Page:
Representational State Transfer (REST) is part of Web Service Technology that see data and functionality as representations of resources and can be accessed using Unified Resource Identifiers (URIs) or in more general term is links on the web. REST quickly gain it’s popularity with many Tech Company start to adopted micro services architectural in their Product or Project. Micro service is structuring the application as a set of loosely coupled, collaborating services. Every service can be implemented using any programming languages as long it’s provided communication method between the service and REST is mostly used because it’s simplicity.

Java EE is fairly known as the oldest programming language used for building an enterprise application, and so far that I know is Java EE (especially Java EE 6 upward) already supported in build RESTful of course using JAX-RS. I will show you how easy and fun to build REST server side with Java EE 7, and before we started write some code I need to give you the minimal requirements:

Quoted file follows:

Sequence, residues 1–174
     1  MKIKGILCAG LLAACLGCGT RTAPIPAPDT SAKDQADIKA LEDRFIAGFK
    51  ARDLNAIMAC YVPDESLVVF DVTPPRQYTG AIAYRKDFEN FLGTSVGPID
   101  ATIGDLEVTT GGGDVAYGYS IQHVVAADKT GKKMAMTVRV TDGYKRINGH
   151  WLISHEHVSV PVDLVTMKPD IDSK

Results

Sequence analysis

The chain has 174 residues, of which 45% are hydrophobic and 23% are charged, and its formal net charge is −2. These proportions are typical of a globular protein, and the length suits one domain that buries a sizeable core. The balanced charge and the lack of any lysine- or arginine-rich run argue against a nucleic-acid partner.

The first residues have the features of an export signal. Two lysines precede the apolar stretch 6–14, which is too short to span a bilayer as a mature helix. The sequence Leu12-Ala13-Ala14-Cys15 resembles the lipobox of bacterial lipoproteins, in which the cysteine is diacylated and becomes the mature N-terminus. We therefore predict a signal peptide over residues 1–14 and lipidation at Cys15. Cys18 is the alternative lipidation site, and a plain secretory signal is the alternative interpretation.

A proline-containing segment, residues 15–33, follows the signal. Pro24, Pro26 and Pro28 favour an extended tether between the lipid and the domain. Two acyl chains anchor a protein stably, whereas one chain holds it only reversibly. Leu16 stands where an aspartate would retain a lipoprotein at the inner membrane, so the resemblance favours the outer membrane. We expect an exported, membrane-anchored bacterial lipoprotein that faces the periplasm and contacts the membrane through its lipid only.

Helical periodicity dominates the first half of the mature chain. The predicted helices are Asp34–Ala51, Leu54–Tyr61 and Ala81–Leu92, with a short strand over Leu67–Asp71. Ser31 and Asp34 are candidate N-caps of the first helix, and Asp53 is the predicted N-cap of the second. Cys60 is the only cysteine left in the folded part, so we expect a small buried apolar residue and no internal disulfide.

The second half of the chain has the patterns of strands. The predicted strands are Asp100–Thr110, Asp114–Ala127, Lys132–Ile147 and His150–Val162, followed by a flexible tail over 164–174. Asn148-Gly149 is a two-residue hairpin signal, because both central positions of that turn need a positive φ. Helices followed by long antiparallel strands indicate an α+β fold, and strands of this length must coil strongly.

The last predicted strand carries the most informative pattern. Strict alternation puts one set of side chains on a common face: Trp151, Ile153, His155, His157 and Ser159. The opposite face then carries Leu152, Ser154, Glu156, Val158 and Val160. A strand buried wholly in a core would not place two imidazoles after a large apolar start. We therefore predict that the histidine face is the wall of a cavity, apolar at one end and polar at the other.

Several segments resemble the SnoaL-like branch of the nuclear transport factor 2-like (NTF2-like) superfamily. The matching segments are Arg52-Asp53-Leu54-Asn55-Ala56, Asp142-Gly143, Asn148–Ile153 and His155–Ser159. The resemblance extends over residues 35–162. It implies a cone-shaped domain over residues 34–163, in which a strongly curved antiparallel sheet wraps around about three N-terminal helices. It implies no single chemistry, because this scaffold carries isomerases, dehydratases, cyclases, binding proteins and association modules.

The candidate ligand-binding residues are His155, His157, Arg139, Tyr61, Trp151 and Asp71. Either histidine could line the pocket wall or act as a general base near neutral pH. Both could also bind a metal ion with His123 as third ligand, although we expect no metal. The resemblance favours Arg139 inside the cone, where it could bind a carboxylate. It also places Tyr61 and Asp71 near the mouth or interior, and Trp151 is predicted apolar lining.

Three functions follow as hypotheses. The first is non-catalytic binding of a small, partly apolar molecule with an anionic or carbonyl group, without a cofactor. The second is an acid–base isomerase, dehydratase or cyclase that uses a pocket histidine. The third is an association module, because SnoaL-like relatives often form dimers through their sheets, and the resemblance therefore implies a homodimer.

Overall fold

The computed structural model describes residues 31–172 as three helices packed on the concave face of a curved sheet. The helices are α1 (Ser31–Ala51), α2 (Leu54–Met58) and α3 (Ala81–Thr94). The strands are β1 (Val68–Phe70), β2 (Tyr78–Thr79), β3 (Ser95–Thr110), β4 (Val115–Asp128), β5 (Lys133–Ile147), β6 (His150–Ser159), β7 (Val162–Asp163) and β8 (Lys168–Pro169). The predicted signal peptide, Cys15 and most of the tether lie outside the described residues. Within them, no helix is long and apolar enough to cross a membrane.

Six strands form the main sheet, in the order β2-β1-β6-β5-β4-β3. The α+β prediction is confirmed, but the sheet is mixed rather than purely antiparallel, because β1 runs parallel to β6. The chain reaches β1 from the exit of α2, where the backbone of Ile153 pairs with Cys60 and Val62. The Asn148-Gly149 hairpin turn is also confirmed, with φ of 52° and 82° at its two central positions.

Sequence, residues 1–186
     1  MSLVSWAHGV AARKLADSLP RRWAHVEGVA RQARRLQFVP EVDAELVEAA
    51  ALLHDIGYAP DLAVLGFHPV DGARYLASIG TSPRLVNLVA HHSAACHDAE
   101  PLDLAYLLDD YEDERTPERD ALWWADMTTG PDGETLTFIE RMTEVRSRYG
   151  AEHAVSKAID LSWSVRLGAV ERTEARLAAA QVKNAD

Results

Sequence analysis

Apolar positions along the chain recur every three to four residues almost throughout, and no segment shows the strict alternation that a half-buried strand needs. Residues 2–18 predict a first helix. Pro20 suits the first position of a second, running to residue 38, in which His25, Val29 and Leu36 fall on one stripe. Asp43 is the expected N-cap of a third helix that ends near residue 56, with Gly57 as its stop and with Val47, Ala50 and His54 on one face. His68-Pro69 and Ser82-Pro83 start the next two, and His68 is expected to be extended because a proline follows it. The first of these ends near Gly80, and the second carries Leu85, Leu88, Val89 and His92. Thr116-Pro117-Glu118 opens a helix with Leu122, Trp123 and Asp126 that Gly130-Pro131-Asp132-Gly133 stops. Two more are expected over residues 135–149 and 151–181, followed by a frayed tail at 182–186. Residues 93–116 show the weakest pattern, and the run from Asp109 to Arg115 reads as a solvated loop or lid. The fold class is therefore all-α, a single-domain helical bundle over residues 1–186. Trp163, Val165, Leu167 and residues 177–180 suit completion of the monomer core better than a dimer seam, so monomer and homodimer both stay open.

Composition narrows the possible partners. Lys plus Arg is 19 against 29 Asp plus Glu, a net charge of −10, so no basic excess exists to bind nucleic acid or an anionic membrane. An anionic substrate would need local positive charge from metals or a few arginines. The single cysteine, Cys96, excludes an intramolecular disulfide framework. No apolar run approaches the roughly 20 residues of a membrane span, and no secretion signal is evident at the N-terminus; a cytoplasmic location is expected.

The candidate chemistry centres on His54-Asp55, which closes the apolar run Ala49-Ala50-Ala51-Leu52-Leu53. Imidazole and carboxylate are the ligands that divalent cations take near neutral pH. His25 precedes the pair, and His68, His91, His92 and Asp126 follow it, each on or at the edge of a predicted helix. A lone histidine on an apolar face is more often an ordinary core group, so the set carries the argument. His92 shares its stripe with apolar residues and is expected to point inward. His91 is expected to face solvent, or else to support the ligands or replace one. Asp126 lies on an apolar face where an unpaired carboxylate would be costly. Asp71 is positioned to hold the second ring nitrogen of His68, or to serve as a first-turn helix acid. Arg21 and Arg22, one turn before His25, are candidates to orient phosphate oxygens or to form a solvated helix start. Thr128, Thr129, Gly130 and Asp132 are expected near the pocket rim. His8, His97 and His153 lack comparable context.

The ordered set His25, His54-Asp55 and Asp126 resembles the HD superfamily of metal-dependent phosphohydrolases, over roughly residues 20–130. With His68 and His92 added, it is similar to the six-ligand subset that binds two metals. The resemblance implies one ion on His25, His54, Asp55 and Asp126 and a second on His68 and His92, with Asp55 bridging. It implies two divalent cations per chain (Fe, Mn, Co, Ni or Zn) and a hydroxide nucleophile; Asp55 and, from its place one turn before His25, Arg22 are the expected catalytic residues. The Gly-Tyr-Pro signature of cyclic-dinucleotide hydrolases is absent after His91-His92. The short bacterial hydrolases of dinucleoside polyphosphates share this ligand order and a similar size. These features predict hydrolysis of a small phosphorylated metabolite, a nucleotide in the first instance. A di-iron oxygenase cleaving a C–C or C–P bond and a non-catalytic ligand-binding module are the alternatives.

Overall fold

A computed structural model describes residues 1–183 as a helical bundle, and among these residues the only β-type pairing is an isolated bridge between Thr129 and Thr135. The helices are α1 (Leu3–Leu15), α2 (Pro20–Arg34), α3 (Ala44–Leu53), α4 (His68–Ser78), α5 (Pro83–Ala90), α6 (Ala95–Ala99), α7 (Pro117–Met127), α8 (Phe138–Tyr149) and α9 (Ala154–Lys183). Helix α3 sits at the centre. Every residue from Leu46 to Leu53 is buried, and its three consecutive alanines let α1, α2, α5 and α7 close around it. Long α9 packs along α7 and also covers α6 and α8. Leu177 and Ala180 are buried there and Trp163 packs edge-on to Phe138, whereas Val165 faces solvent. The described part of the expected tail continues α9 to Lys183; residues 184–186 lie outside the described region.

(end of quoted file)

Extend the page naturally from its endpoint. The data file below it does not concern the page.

Environment Setup

First and the most important is make sure you already installed Java Development Kit (JDK) and setting the PATH environment, because this is the basic requirement in develop Java application. I’m using Apache Maven as the build tools and dependency management. Talked about dependency you will just use Java EE 7 API in your pom.xml and can easily created with Java EE 7 Essentials Archetype that provided by Adam Bien.

<dependency>
    <groupId>javax</groupId>
    <artifactId>javaee-api</artifactId>
    <version>7.0</version>
    <scope>provided</scope>
</dependency>

Finally, Wildfly is the Application Server that will be used and for the sake of this tutorial I encourage you to following the same setup unless you already familiar with Java EE environment, but I need to remind you that you need full Application Server and not Web Container such as Tomcat or Jetty. We will used all Java EE API like: EJB, CDI, JPA, and Servlet. Application Server like: Payara, TomEE, or Websphere Liberty is recomended.